Sunni and Shiite scholars from eight major Muslim countries have wrapped up a two-day international conference with a call for sending non-Arab Muslim peacekeepers to Iraq to take over from the US-led military forces.
“The option aims to speed up the process of reconciliation and reconstruction in Iraq,” Alwi Shihab, Indonesia’s special envoy for Middle East affairs, told a press conference after the closing session.
“We want US-led troops to go out from Iraq but we have to establish the substitution first, otherwise Iraq will face a situation in which a vacuum exists.”
Twenty Sunni and Shiite scholars from Syria, Jordan, Iran, Indonesia, Malaysia, Pakistan, Egypt and Indonesia attended the International Conference of Islamic Leaders for Reconciliation in Iraq. Iraq and the OIC were also represented in the conference, though none of Iraq’s key Muslim leaders attended.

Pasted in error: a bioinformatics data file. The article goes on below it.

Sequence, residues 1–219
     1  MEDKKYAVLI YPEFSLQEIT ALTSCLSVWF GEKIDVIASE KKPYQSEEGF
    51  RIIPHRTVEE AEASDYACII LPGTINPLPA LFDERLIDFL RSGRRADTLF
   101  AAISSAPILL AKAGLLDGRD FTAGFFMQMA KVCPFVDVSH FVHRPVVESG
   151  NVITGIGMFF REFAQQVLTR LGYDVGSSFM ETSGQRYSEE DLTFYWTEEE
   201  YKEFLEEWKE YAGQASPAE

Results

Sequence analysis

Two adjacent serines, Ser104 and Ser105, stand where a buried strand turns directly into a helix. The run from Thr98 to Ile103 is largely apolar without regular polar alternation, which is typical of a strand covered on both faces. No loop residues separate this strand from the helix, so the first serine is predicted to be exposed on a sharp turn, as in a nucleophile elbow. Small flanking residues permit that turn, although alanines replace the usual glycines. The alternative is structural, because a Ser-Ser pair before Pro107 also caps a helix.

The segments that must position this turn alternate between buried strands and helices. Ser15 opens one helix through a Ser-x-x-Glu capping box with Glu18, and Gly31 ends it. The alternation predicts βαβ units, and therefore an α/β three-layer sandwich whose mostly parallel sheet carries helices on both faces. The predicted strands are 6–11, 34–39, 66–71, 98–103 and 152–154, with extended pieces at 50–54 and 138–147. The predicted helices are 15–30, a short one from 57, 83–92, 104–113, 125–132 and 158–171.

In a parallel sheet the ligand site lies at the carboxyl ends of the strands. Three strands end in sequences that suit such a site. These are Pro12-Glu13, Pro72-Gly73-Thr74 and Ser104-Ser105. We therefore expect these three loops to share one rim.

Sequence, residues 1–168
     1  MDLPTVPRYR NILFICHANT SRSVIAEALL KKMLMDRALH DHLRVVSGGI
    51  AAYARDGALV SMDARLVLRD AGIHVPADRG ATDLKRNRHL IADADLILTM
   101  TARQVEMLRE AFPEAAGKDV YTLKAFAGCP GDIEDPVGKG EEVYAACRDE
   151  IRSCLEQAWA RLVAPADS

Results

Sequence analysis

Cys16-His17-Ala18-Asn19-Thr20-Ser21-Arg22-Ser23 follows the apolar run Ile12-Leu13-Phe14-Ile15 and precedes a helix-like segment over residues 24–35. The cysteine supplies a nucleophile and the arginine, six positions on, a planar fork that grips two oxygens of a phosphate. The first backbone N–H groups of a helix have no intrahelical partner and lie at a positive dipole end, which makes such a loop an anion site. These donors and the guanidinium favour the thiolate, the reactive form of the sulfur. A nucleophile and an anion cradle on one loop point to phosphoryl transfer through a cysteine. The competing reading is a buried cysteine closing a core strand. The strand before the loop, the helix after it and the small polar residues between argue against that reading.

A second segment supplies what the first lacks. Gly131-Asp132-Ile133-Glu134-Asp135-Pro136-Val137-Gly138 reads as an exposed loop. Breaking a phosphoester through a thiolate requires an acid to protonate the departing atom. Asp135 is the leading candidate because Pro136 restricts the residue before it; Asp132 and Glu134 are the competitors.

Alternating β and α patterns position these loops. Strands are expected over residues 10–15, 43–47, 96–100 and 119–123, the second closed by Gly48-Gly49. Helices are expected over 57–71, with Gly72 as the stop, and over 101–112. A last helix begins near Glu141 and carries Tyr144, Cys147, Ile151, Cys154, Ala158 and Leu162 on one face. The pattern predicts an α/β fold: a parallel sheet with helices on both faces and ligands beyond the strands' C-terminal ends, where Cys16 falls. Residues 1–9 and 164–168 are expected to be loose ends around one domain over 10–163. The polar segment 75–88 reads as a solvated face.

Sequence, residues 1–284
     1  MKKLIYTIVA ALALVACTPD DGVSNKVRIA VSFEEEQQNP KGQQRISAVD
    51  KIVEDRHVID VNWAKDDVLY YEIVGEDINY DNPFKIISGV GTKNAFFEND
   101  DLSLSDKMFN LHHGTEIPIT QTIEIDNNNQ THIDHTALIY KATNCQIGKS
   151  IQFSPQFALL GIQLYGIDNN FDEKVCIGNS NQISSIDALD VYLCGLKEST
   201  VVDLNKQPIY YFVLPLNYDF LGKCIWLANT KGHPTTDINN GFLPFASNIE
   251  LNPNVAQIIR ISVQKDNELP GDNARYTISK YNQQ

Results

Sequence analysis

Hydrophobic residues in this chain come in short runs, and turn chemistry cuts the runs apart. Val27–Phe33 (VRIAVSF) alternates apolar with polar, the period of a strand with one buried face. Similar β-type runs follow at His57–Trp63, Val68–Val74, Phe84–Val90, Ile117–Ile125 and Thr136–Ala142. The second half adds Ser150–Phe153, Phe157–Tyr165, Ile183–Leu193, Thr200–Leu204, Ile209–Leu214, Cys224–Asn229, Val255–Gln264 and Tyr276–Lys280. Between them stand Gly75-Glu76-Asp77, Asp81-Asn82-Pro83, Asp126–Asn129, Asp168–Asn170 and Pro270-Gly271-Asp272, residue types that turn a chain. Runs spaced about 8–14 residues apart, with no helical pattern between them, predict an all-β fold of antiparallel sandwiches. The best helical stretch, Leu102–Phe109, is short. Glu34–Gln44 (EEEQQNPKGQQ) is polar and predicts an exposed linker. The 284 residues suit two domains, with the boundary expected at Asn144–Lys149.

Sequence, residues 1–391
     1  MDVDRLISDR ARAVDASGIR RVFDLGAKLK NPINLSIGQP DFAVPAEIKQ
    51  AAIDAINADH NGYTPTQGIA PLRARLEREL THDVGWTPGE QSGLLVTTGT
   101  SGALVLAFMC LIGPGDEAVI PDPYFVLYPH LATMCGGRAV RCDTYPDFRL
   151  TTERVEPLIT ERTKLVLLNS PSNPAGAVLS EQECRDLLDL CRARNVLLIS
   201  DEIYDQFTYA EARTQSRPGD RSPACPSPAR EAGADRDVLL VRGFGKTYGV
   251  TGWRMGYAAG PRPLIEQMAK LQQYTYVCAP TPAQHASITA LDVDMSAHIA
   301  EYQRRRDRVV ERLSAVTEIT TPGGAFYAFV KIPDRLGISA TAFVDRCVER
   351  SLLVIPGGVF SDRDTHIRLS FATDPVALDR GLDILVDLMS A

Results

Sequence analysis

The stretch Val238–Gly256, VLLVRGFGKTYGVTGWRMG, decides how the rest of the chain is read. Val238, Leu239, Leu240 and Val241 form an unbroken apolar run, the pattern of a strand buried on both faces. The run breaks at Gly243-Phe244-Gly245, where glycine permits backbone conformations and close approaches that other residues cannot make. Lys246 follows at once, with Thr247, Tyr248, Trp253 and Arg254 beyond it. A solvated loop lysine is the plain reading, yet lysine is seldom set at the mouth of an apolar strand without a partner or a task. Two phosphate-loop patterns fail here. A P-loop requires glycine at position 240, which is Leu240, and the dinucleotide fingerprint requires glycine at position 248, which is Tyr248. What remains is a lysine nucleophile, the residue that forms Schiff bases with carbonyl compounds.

Inaugurating the conference, Indonesian President Susilo Bambang Yudhoyono called on the religious leaders to find a way of contributing to peace in Iraq.
“We are gathered here in the name of peace, in the hope that by pooling our experiences, insights and ideas, we could find a way that leads to reconciliation in conflict-torn Iraq.”
The conference, held at the presidential palace in Bogor, was hosted by the government and the country’s two largest Muslim organisations, Nahdlatul Ulama and Muhammadiyah.
It was held against a backdrop of mounting Shiite-Sunni tensions over the raging sectarian violence in Iraq, which kills dozens day in and day out in unquenched revenge attacks.